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Graduate courses

Departments' graduate courses for PhD-students.

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Syllabus for

Academic year
MMA127 - Marine transport systems
 
Syllabus adopted 2014-02-17 by Head of Programme (or corresponding)
Owner: MPNAV
7,5 Credits
Grading: TH - Five, Four, Three, Not passed
Education cycle: Second-cycle
Major subject: Mechanical Engineering, Shipping and Marine Technology
Department: 48 - SHIPPING AND MARINE TECHNOLOGY


Teaching language: English
Open for exchange students
Block schedule: D
Maximum participants: 50

Course module   Credit distribution   Examination dates
Sp1 Sp2 Sp3 Sp4 Summer course No Sp
0111 Examination 7,5 c Grading: TH   7,5 c   28 Oct 2014 am L,  05 Jan 2015 pm L,  20 Aug 2015 pm L

In programs

MPNAV NAVAL ARCHITECTURE AND OCEAN ENGINEERING, MSC PROGR, Year 1 (compulsory)

Examiner:

Tekniklektor  Anna Hedén


Replaces

MMA126   Marine transport and economics

Course evaluation:

http://document.chalmers.se/doc/a6f2f914-1b0c-496b-beb8-4e47bbb6c983


Eligibility:


In order to be eligible for a second cycle course the applicant needs to fulfil the general and specific entry requirements of the programme that owns the course. (If the second cycle course is owned by a first cycle programme, second cycle entry requirements apply.)
Exemption from the eligibility requirement: Applicants enrolled in a programme at Chalmers where the course is included in the study programme are exempted from fulfilling these requirements.

Course specific prerequisites

BSc in Mechanical Engingeering or equivalent BSc with honour from a recognized university.

Aim

The aim is to give the student basic knowledge of the shipping industry with technical and economic aspects. This aim includes the understanding of the influence from an international market on the development of new transport solutions involving ships and ships equipment.

Learning outcomes (after completion of the course the student should be able to)

- describe the different actors and stakeholders in the maritime cluster.
- explain the difference between bulk shipping and general cargo shipping and the development over 5.000 years of shipping history, identify historical traces still in use today.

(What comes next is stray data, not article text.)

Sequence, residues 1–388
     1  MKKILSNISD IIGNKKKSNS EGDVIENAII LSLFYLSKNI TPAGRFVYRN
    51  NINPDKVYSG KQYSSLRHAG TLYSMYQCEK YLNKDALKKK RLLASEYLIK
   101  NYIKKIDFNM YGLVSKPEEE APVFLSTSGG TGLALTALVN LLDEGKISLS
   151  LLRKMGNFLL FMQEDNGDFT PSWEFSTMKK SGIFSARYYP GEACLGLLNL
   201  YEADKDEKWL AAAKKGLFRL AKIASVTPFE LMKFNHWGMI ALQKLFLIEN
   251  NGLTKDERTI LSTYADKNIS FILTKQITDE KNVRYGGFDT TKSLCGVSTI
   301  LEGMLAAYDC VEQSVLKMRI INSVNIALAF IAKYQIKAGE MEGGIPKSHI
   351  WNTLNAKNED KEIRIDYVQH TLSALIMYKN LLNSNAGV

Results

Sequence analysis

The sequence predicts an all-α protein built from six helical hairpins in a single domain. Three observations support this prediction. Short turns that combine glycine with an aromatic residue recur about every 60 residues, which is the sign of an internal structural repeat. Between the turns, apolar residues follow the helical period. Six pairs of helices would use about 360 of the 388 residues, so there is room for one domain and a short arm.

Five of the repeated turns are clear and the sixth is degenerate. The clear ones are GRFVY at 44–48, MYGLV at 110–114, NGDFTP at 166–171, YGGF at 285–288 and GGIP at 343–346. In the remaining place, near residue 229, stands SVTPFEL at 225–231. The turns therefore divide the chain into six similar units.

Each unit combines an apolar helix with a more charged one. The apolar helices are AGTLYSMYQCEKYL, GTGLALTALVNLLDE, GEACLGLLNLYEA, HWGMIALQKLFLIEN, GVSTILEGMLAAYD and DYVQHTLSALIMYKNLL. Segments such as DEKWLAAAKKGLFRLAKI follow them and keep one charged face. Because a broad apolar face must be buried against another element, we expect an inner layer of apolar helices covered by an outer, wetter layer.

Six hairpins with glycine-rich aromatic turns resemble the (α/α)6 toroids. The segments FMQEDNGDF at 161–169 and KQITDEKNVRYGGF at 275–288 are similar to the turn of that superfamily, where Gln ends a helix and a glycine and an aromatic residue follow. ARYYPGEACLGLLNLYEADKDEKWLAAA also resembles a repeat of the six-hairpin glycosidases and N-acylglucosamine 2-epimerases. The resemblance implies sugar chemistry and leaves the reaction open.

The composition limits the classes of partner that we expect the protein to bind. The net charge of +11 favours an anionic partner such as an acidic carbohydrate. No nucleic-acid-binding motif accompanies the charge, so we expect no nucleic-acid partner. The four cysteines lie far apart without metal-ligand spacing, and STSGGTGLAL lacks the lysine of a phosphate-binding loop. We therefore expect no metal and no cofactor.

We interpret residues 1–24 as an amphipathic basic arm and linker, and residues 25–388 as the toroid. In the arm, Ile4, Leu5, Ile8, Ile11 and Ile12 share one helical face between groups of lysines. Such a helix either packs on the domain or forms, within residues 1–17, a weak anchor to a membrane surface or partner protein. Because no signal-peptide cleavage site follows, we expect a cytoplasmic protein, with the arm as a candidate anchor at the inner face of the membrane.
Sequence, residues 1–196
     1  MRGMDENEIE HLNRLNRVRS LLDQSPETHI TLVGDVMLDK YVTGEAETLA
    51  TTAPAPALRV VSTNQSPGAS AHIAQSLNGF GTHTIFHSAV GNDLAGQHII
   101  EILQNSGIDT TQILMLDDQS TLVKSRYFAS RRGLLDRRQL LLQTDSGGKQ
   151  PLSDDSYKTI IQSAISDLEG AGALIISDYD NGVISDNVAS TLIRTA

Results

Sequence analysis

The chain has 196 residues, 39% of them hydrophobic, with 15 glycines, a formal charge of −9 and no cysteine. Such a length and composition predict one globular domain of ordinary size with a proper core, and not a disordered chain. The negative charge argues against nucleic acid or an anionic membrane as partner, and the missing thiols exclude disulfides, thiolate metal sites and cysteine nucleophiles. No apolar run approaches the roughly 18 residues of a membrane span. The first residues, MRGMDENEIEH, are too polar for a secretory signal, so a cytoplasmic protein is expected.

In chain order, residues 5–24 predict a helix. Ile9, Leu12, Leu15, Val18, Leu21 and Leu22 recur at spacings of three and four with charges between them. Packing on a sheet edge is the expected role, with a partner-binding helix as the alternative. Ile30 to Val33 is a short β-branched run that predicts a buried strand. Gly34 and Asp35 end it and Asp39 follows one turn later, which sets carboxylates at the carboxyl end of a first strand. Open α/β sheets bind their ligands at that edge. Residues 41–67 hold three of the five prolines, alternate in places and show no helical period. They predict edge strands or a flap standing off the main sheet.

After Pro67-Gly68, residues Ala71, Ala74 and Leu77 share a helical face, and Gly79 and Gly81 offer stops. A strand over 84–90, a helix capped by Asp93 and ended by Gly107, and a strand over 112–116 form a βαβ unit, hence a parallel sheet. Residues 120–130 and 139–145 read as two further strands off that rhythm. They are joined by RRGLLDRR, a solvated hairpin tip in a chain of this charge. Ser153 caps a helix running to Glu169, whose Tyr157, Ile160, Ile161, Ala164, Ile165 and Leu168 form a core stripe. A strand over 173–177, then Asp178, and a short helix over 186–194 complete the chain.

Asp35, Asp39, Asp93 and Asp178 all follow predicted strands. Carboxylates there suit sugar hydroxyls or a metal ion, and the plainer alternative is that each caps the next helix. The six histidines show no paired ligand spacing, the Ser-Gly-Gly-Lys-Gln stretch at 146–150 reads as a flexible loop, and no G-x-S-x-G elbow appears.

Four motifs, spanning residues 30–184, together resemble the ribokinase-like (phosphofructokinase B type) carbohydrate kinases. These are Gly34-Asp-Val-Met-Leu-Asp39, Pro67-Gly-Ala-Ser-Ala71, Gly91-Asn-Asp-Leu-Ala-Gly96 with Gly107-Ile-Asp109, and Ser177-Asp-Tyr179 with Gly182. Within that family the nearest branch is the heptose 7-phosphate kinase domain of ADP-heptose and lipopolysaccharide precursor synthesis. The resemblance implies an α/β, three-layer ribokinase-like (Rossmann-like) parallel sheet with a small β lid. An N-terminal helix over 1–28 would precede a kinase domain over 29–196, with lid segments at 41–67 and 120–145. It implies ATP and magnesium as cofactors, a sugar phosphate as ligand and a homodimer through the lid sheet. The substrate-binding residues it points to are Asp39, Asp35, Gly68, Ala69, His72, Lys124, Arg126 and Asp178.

- explain different shiptypes in technical terms such as design, function and cargo handling for proper stowage and efficient operations.
- explain the competition for cargo and 'product differentiation' in shipping services.
- explain how the International Maritime Organization is organized and "from proposal to enforcement" of new conventions and connection to maritime disasters.
- Identify the most important conventions and describe their content.
- Explain the implications on a ship when choosing its flag.
- Describe different ways of financing ships and risks involved.
- Thoroughly explain the four shipping markets
- Thoroughly explain the influence of supply and demand on shipping market cycles using economical models.
- Thoroughly explain long term, short term and seasonal cycles and random shocks on shipping markets.
- Calculate the economic result of a specific voyage
- Explain and identify different costs and risks associated with chartering forms; bareboat, timecharter and voyage charter.

- Be able to apply the market/commercial perspective in future shipping analyses.

Content

The overall objective of the course is to make students aware of commercial aspects of shipping and thus be able to include a commercial perspective in future analysis related to shipping e.g. a new design/construction, new regulations and so on.

This course covers basic ship knowledge such as terminology and understanding of different ship types and how cargo is loaded and discharged in efficient ways. It includes historical development of ship design,cargo handling gear and shipping markets.

The course also give a thorough understanding of shipping markets, how important shipping is for the well being of world economy. Basic economic models are used and applied on shipping to explain how market forces constantly move supply and demand into balance, forcing out the inefficiently run companies and thus in the longrun creating more and more cost efficient transport both technically and organizationally.

Different chartering forms and associated cost and risk division as well as maritime stakeholders is part of the course. Maritime regulations are introduced, the organization of International Maritime Organization (IMO) and how international conventions are set up, adopted and enforced but no deeper understanding of the conventions as such.

Some of the lectures are given by specialists invited from the industry.

A study tour to a port is included in the course.

Organisation

1) Lectures
2) Assignments and project in groups.

Literature

Stopford, M., (2009), Maritime Economics. 3ed. Oxon : Routledge.

Available also as e-book via Chalmers Library.

Examination

1) Written exam
2) Approved assignments and group project.


Page manager Published: Thu 04 Feb 2021.